All self-insurers and employers who have more than 100 workers must appoint a suitably qualified or experienced Return to Work Coordinator.
All employers are required to maintain a register of injuries that is readily accessible to all workers. The register is a current record of any injuries suffered by workers, whether or not they result in a claim.
You must keep your injured worker's job available for them to return to for 12 months, unless there’s medical evidence that it’s highly unlikely the worker can return to their pre-injury job, or if their pre-injury job isn’t required anymore.
Our resources page includes information about injury management and return to work best practice with helpful forms, templates, tools and links.

Whether you’re an existing self-insurer or looking to transition into a self-insurance arrangement, our unique service structure helps drive success across your licensee program. 

We provide strategic support to tailor a flexible program that is simple, collaborative and helps reduce the complexities of workers' compensation. For more information, speak to one of our self-insurance experts.

To help make your workplace safer, our training courses help improve understanding of workplace health and safety responsibilities and injury management, so that you and your staff have the skills and knowledge to manage injuries and claims effectively.

Our training platform allows you to view and book upcoming training courses and access our webinar library.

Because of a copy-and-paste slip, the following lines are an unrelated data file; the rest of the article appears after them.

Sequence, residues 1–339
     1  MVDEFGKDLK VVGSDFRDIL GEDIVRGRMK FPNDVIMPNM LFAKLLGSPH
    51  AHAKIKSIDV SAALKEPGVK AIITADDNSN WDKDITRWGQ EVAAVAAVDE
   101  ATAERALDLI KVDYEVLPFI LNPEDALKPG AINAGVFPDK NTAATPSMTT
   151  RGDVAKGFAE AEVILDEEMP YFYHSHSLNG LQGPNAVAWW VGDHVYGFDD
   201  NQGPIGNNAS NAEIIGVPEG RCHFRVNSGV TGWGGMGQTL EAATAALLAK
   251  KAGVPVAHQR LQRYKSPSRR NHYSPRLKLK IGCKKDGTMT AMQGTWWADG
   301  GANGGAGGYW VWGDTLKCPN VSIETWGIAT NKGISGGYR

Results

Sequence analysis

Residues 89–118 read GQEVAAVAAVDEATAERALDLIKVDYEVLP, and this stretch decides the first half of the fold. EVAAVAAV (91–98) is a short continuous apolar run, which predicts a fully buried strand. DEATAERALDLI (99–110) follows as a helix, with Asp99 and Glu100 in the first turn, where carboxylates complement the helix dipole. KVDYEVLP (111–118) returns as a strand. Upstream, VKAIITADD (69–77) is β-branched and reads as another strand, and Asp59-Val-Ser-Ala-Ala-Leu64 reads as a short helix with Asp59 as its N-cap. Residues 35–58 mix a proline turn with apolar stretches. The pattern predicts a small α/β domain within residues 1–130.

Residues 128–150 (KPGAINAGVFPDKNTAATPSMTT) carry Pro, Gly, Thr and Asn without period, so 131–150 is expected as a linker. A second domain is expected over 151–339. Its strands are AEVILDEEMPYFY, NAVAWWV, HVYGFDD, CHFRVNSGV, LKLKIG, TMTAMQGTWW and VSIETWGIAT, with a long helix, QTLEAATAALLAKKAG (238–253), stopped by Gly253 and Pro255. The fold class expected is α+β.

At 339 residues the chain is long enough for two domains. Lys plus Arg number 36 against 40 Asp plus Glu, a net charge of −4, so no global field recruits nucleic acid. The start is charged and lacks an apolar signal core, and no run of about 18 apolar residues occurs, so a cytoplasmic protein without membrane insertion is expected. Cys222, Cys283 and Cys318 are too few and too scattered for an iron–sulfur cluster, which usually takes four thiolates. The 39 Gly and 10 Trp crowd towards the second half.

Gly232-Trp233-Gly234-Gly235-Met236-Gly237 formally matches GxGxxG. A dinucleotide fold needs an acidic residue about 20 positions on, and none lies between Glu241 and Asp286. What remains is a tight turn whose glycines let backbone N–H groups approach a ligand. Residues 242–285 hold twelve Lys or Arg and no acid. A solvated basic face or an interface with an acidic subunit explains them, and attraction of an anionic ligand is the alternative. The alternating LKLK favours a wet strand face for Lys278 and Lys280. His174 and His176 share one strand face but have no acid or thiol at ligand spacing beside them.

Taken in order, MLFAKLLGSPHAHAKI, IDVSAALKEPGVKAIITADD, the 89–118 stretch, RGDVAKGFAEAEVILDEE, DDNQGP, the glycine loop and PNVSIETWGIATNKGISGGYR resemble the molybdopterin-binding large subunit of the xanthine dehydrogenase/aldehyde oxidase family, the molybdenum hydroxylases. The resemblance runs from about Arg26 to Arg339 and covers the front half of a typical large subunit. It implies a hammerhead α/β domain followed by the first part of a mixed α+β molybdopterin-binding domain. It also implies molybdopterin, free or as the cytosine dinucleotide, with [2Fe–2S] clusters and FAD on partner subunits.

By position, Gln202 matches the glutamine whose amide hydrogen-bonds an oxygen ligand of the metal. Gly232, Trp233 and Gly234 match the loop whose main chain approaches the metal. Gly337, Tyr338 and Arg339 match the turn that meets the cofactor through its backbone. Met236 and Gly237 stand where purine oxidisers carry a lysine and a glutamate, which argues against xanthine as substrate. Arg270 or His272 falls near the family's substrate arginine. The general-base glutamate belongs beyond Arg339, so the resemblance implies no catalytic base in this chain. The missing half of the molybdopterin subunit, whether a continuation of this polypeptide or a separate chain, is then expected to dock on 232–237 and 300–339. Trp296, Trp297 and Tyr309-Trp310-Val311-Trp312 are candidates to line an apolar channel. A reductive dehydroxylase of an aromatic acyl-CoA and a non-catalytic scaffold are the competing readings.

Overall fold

Our state-based specialists understand the complexities of workers' compensation
We provide tailored support to help workers at every stage of their recovery journey
Our dedicated team of workers' compensation specialists aims to handle your claim efficiently
We provide training, along with psychological support and innovative risk management solutions to help create safer workplaces

If you’re injured at work, your first priority is to see your doctor and let your employer know what is going on as soon as possible. 

Once you have notified your employer of an injury, they must inform you, either verbally or in writing, of your right to make a claim for workers' compensation. If you want to make a claim, we recommend doing so as soon as practicable.

To make a claim, you need to complete the ‘Injured Worker’s Details’ section of a Worker’s Claim for Compensation form and lodge the form with your employer. Your employer can provide you with the claim form. 

The claim form also needs to be accompanied by a Tasmanian workers' compensation Certificate of Capacity (medical certificate), issued by an accredited medical practitioner. You need to nominate a primary treating medical practitioner in the section provided on the claim form.

Once we receive your claim, we’ll send you and your employer a letter confirming receipt of your claim. You will be provided with a claim reference number and our contact details.